Covid, a mother Earth’s lesson to human beings in universal responsibility: Dalai Lama
The Dalai Lama compared the ongoing global fight against the Covid-19 pandemic with a “lesson in universal responsibility” being taught to human beings by the mother Earth and stressed upon the need to realise the importance of sustainable development.
“On this 50th anniversary of Earth Day, our planet is facing one of the greatest challenges to the health and well-being of its people,” said the Dalai Lama, adding: “And yet, in the midst of this struggle, we are reminded of the value of compassion and mutual support.” “The current global pandemic threatens us all, without distinctions of race, culture or gender, and our response must be as one humanity, providing for the most essential needs of all,” he said.
Drawing upon the Indian culture of treating the entire world as one big family – the Vasudahiav Kutumbkam, the Dalai Lama said, “Whether we like it or not, we have been born on this earth as part of one great family.” “Rich or poor, educated or uneducated, belonging to one nation or another, ultimately each of us is just a human being like everyone else,” he said.
“Furthermore, we all have the same right to pursue happiness and avoid suffering. When we recognize that all beings are equal in this respect, we automatically feel empathy and closeness towards others,” he said.
“And, out of this comes a genuine sense of universal responsibility: the wish to actively help others overcome their problems,” said the Dalai Lama, adding: “Our mother earth is teaching us a lesson in universal responsibility.” “This blue planet is a delightful habitat. Its life is our life; its future, our future. Indeed, the earth acts like a mother to us all; as her children, we are dependent on her,” he said, adding “In the face of the global problems we are going through it is important that we must all work together.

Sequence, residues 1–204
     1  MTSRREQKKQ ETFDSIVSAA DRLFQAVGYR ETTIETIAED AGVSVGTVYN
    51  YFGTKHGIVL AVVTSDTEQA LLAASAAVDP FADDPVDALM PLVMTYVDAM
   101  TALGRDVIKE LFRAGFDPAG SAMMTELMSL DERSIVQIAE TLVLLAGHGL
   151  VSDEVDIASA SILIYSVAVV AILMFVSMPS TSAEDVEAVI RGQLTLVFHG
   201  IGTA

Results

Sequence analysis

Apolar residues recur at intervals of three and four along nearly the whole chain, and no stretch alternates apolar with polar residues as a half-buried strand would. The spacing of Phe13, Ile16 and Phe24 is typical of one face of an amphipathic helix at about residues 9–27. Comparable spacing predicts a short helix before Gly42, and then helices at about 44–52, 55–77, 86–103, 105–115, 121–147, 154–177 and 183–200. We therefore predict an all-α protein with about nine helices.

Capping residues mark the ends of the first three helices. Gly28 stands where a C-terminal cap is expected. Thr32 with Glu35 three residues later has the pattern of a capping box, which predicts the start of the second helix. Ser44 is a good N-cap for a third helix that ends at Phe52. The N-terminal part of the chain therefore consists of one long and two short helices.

Stressing upon the need to realise the criticality of sustainable development, he said, “I came to appreciate the importance of environmental concern only after escaping from Tibet in 1959, where we always considered the environment to be pure.” “Whenever we saw a stream of water, for instance, there was no worry about whether it was safe to drink. Sadly, the mere availability of clean drinking water is a major problem throughout the world today,” he pointed out.
“We must ensure that the sick and the valiant health-care providers throughout the world have access to the fundamental necessities of clean water and proper sanitation to prevent the uncontrolled spread of disease. Hygiene is one of the bases of effective health care,” he added.
“Sustainable access to properly equipped and staffed health-care facilities will help us meet the challenges of the current pandemic that ravages our planet,” he said. The Dalia Lama, however, saw the present global adversity as an opportunity.
“It will also offer one of the strongest defences against future public health crises. I understand that these are precisely the objectives set forth in the United Nations Sustainable Development Goals that address challenges to global health,” he said.
“As we face this crisis together, it is imperative that we act in a spirit of solidarity and cooperation in order to provide for the pressing needs, particularly of our less fortunate brothers and sisters around the world,” he said.
“I hope and pray that in the days ahead, each of us will do all we can to create a happier and healthier world,” he added.